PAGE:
Shankly announces his retirement on 12th of July 1974
On RETIREMENT - "It's the most stupid word I've ever heard in all my life. It should be stricken from the record. You retire when they put the coffin lid down with your name on top.
Until then nobody can retire."
Nobody could suspect what was going to happen when Liverpool FC called a press conference on 12th of July 1974. You could hear a pin drop when Liverpool's chairman, John Smith, made his opening address: "It is with great regret that I as chairman of Liverpool Football Club have to inform you that Mr Shankly has intimated that he wishes to retire from active participation in league football. And the board has with extreme reluctance accepted his decision. I would like to at this stage to place on record the board's great appreciation of Shankly's magnificent achievements over the period of his managership."
After signing his last contract for Liverpool in July 1971, Shankly agreed a three-year contract with Liverpool, with the option of extending it to five years. So three years later when John Smith asked him to take the option of the two years, Shankly said no and chose to retire. Smith said of Shankly in February 1974 that he "would be happy if he would stay with us for life." Shankly's response was "Staggered. It may be another year, or two, or three. But, one day I'll decide that that's enough and leave straight away. My career as a manager must have an abrupt end."
Bill Shankly loved football so much, that his decision sent shock waves round the world. What those closest to him had realised all along though, were that the constant strains and stresses of managing one of the top clubs in the country had taken its toll of him. Liverpool had been a very ordinary second division team when he had taken on the job in 1959 of bringing them up to the level expected of a big city club.
Off the field too, Shanks had masterminded a rebuilding of Melwood into a quality training facility, and seen Anfield undergo tremendous change and improvement. Furthermore, Shanks had ensured, by his careful grooming of the very capable backroom staff, that managership of the club was to be passed into good hands. All of this had required hard work and an almost constant attention to the affairs of the club, on and off the field. Approaching the age of 61, it's easy to see how he thought 'enough is enough' and as he said: "All the arguements had been won."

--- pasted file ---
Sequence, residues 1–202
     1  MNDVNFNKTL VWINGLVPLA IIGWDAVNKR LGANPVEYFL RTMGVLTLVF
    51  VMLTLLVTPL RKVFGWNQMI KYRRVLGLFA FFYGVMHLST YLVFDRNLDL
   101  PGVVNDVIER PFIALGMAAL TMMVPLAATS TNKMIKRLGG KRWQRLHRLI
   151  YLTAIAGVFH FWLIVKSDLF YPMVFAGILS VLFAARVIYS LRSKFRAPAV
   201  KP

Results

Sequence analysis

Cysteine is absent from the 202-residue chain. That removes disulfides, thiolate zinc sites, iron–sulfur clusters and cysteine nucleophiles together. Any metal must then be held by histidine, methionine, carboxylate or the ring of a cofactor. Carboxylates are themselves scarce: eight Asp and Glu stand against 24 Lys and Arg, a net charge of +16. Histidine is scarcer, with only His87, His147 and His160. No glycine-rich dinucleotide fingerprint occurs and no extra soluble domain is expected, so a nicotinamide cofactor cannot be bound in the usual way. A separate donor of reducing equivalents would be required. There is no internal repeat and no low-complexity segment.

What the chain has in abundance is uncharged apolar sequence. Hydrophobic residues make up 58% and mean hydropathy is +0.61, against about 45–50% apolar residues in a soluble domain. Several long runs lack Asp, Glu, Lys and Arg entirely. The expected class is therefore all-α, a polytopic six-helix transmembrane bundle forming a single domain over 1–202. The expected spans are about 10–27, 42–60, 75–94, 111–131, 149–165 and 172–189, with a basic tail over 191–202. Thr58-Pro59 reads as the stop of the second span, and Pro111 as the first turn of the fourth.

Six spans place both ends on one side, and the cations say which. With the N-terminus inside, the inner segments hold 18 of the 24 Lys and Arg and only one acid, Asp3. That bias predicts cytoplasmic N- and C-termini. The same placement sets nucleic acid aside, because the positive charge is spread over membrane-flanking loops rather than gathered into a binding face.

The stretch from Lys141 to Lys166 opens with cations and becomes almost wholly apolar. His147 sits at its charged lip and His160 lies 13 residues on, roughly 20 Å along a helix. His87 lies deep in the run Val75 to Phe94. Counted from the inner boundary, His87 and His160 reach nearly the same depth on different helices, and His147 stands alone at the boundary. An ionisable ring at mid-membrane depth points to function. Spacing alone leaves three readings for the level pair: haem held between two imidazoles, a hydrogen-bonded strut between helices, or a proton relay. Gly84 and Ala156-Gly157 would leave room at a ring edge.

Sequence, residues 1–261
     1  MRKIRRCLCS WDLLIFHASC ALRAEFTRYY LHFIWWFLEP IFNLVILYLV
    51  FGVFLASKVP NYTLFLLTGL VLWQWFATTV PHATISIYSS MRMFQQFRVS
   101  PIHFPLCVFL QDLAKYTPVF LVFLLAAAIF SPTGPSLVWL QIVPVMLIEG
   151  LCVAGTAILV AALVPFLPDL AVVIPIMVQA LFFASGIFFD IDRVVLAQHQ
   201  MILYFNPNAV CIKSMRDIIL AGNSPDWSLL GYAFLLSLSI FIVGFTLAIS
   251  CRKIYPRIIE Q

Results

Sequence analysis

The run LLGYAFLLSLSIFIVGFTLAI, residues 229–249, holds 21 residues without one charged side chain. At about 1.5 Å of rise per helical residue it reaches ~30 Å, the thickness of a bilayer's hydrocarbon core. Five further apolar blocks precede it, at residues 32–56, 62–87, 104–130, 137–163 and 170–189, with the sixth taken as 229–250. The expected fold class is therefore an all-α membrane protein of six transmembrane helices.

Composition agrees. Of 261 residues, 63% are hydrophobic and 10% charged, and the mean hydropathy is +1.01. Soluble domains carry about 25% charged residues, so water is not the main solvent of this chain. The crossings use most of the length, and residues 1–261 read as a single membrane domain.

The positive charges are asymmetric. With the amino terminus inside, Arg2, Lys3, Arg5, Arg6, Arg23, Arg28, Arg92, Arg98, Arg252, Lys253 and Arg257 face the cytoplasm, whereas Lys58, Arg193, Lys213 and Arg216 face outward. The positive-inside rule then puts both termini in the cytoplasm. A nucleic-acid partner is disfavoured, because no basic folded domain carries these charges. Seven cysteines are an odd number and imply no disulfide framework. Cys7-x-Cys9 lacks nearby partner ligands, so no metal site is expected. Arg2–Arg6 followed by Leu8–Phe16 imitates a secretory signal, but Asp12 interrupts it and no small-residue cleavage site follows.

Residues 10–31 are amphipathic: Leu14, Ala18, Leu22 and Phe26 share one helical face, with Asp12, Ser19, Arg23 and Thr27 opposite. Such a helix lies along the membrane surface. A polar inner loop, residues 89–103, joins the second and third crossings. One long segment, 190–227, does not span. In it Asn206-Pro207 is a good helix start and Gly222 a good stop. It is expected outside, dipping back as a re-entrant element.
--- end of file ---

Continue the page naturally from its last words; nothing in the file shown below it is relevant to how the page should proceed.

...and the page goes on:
"After the FA Cup Final I went into the dressing room and I felt tired from all the years. I said to a bloke who was looking after the dressing room, 'Get me a cup of tea and a couple of pies, for Christ's sake.' When I sat down with my tea and pies, my mind was made up. If we had lost the final I would have carried on, but I thought, 'Well, we've won the Cup now and maybe it's a good time to go.' I knew I was going to finish.
Kevin Keegan sensed my feelings then. He said so later. I didn't go running around celebrating with the team. I didn't get carried around. I let the players have the arena. I was satisfied and I was tired. A series of things went into my decision. I had been in the game for more than forty years, as a player and as a manager, and it had been hard work. I had been around a long time and I thought I would like a rest, spend more time with my family and maybe get a bit more fun out of life. Whilst you love football, it is a hard relentless task which goes on and on like a river. There is no time for stopping and resting. So I had to say I was retiring. That's the only word for it, though I believe you retire when you are in your coffin and the lid is nailed down and your name is on it."